Use this URL to cite or link to this record in EThOS: http://ethos.bl.uk/OrderDetails.do?uin=uk.bl.ethos.646043
Title: An exploration of the experiences of black British Caribbean women with eating disorders : an interpretative phenomenological analysis
Author: Shillingford, Sarah
ISNI:       0000 0004 5360 2654
Awarding Body: University of Wales
Current Institution: Regent's University London
Date of Award: 2014
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Abstract:
Traditionally, eating disorders have been linked to body ideals within white Western societies which may explain the tendency to focus primarily on white Western populations in research. Black British Caribbean women have therefore been under-represented in studies focused on eating disorders, especially within qualitative investigations. Semi structured interviews were conducted with six black British Caribbean women with personal experience with eating disorders, using Interpretative Phenomenological Analysis. Five group superordinate themes emerged from the analytic process: (1) Family and ethnicity, (2) Eating and emotion, (3) Relationships, (4) Help seeking and (5) Recovery, with numerous associated sub-themes. The findings illuminated the central role of family and peers in the development of self concept and methods of coping and that a link may exist between familial relational styles and individual responses to stress and crisis. An understanding of the historical and social factors that may impact on black British Caribbean women with eating disorders can assist counselling psychologists in identifying eating disorders among a client group that is underrepresented within services. This study may also help counselling psychologists working therapeutically with this group to tailor therapy via the use of psychoeducation, familial involvement, an acknowledgement of the importance of collective identity and an understanding the challenges that may emerge in therapy for clients who may not be accustomed to sharing their difficulties.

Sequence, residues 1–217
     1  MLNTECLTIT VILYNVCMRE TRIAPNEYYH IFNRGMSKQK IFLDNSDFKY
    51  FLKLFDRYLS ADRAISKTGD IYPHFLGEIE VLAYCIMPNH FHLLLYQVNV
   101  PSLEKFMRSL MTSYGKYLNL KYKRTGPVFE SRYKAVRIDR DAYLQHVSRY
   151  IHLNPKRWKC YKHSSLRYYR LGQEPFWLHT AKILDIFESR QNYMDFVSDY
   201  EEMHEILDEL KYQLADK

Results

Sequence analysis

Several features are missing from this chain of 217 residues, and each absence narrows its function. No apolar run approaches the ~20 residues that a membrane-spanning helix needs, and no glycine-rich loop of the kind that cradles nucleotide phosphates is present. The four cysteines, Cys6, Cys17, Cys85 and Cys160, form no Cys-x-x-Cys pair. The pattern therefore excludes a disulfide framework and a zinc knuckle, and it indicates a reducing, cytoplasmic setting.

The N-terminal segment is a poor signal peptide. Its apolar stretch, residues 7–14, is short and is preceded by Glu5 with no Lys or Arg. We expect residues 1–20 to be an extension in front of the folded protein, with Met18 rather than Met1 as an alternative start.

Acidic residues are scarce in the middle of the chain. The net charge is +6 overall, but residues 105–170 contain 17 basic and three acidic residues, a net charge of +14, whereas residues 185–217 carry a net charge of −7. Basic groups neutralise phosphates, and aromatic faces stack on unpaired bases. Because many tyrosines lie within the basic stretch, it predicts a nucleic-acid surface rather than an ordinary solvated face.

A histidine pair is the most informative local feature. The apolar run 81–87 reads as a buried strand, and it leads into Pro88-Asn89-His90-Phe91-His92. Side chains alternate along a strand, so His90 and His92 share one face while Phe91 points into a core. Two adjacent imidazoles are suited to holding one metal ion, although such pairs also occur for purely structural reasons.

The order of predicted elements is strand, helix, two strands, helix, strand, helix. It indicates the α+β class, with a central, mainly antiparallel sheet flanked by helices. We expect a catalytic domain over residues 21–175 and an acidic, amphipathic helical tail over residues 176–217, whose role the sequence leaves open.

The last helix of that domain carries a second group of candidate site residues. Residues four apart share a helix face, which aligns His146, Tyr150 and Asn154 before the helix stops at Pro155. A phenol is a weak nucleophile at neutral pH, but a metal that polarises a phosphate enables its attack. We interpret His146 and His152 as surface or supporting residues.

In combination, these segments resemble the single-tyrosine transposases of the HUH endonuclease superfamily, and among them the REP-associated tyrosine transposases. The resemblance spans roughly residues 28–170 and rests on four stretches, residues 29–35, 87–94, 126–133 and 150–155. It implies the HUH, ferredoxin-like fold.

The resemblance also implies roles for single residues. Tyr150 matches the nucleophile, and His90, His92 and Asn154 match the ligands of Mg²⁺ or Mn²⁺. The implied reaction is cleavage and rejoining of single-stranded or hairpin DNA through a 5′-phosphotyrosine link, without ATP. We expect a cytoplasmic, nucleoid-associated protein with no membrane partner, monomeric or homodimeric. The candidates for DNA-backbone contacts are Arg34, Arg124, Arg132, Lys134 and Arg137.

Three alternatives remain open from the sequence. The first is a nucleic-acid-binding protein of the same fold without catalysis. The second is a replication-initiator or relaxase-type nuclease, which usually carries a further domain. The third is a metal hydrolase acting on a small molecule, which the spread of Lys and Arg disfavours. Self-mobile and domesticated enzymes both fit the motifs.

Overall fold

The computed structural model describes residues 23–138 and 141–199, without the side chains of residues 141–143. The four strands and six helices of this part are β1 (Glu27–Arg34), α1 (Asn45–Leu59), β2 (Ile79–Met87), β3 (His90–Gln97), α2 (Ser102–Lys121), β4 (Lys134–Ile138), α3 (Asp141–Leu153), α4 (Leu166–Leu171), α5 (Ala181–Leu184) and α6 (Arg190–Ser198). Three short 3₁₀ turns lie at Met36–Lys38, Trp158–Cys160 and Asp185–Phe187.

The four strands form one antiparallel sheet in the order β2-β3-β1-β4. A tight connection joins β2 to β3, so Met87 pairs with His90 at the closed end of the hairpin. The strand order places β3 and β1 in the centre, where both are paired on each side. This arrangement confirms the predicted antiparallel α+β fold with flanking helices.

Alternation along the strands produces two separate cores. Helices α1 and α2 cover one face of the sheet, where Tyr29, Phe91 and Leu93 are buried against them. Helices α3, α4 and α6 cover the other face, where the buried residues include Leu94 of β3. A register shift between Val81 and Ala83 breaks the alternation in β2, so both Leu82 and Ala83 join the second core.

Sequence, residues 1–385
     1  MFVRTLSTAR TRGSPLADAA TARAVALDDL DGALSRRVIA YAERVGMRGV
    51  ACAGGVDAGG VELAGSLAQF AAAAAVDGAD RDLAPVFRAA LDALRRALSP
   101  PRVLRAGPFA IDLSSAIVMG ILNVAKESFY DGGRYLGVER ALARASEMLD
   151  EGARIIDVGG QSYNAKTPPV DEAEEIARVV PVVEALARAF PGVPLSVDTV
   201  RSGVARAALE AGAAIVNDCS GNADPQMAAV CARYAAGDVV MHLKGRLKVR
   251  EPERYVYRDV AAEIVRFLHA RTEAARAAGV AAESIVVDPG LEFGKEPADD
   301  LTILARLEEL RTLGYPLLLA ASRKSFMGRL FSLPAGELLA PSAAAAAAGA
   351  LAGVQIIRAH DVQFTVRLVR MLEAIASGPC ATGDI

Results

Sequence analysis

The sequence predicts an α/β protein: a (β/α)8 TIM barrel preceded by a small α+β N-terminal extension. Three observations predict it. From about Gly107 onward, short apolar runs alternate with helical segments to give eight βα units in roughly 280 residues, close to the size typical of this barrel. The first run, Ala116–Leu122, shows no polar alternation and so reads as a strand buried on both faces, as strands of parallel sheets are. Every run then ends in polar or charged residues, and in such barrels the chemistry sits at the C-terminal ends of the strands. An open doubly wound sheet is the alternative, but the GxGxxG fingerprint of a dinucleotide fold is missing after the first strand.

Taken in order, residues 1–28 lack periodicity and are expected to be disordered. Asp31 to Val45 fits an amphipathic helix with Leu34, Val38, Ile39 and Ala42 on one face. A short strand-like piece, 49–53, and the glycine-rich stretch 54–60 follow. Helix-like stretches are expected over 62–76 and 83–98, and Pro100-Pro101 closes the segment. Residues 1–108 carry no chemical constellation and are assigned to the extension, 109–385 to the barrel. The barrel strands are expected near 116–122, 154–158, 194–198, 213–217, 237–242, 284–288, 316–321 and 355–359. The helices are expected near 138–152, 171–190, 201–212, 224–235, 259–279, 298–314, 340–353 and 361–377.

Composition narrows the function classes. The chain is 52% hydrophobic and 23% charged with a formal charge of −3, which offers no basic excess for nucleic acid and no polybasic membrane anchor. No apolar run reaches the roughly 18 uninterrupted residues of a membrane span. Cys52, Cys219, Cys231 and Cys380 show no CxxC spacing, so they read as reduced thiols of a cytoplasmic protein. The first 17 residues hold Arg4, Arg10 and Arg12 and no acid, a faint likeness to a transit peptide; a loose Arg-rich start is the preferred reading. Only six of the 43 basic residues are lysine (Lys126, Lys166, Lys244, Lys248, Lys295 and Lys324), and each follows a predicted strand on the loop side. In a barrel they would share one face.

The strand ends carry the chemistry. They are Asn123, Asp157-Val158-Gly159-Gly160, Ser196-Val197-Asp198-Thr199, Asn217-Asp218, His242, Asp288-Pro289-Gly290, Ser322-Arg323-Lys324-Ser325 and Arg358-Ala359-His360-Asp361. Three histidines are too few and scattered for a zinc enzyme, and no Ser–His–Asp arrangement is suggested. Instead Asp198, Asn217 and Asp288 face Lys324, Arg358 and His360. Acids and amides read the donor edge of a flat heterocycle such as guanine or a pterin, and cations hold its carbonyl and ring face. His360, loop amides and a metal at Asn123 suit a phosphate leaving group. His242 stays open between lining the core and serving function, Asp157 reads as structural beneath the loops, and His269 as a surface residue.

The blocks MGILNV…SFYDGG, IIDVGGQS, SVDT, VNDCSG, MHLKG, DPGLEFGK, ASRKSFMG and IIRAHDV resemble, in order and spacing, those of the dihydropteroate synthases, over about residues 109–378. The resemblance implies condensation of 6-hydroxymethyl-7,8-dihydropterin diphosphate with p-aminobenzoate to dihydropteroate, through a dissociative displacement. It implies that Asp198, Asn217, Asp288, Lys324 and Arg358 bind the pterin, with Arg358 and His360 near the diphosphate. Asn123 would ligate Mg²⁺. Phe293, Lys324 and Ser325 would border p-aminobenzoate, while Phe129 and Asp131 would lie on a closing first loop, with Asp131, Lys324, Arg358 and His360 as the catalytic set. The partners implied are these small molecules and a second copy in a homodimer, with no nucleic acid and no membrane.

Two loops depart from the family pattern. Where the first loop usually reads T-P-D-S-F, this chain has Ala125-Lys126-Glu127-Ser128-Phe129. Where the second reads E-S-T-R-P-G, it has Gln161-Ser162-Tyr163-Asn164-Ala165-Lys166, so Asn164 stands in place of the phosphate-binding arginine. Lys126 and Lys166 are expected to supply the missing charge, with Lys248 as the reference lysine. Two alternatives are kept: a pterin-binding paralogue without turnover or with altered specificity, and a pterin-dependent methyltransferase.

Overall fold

Supervisor: Luca, Maria Sponsor: Not available
Qualification Name: Thesis (Ph.D.) Qualification Level: Doctoral
EThOS ID: uk.bl.ethos.646043  DOI: Not available
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